# Understanding the Markovian and Gaussian approximations in Brownian motion

I am trying to understand in the original derivation of Brownain diffusion, where does the assumption of Markovian and Gaussian nature factor in.

In Albert Einstein's original work on Brownian motion in 1905, he derives the probability distribution density of particles using a random walk scheme as follows.

If the particle is at a position $$x$$ at at a time $$t$$ with the the probability density $$p(x,t)$$, then it makes a tiny jump of length $$\Delta$$ in a span of time $$\tau$$, where $$\Delta$$ is a random number with PDF $$\phi(\Delta)$$. The probabilty of finding the particle at any $$x$$ at a time $$t+\tau$$ can be given as,

$$p(x,t+\tau)=\int_{-\infty}^{\infty} p(x-\Delta,t)\phi(\Delta)d\Delta$$ Question 1.

Does the above equation correspond to a Markovian approximation? I would assume so because the position of the particle at the next step depends only the previous step.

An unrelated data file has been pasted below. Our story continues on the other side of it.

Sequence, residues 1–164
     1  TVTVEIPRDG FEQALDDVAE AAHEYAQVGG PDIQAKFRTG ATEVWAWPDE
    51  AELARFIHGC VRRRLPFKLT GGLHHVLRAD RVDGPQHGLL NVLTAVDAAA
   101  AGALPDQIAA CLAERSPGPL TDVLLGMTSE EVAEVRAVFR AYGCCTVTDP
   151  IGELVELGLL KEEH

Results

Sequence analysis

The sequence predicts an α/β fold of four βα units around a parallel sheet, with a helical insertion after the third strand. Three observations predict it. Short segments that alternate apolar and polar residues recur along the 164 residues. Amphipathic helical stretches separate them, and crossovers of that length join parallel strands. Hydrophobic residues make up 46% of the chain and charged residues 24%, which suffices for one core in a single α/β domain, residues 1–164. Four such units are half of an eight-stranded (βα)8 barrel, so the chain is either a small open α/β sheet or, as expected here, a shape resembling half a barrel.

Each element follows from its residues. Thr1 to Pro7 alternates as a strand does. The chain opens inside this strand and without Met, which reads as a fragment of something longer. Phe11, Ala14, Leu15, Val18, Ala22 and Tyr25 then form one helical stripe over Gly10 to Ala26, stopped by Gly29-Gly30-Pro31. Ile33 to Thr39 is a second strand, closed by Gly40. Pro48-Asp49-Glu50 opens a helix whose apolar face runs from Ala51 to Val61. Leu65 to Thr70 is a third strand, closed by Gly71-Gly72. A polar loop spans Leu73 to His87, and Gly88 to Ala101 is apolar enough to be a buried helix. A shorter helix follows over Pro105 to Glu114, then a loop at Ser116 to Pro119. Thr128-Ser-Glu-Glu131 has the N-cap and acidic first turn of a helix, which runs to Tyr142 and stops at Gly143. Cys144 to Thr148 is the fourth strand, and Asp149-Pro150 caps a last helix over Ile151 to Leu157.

To proceed further, Einstein considers a Taylor expansion of $$p(x,t)$$ in both $$x$$ and $$t$$ about $$\Delta$$ and $$\tau$$ respectively. With this he obtains,

$$\tau \frac{\partial p}{\partial t} + ... = \frac{1}{2}\frac{\partial^2 p}{\partial x^2}\left[ \int_0^\infty \Delta^2 \phi(\Delta) d\Delta \right] + ...$$

In these above steps, the first order term in \Delta vanishes for a symmetric distribution of jumps (i.e. $$\phi(\Delta)$$ is even).

Question 2.

Now, can we say that the truncation of the series to only upto the second term in $$\Delta$$ account to Gaussian approximation?

Lastly, it also seems like if we consider the complete expansion in $$\Delta$$, one can reproduce the Kramers-Moyal expansion. Is this essentially true?

2. Now, can we say that the truncation of the series to only up to the second term in Δ account to Gaussian approximation? The truncation of course is part of the Gaussian approximation but it is not the only necessary condition. To obtain the Gaussian solution we must also assume that $$\Delta^2/\tau$$ is constant. This is a good approximation for a dilute solute. In concentrated systems the diffusion coefficient may depend on concentration (in this case on $$P(x)$$ due to molecular interactions between solute molecules.
3. The Kramers–Moyal expansion considers the general case where the walker can jump any distance and expands the master equation in terms of the moments of the jump distribution. If the jump length $$\Delta$$ is a Dirac delta, its moments are $$\Delta^n$$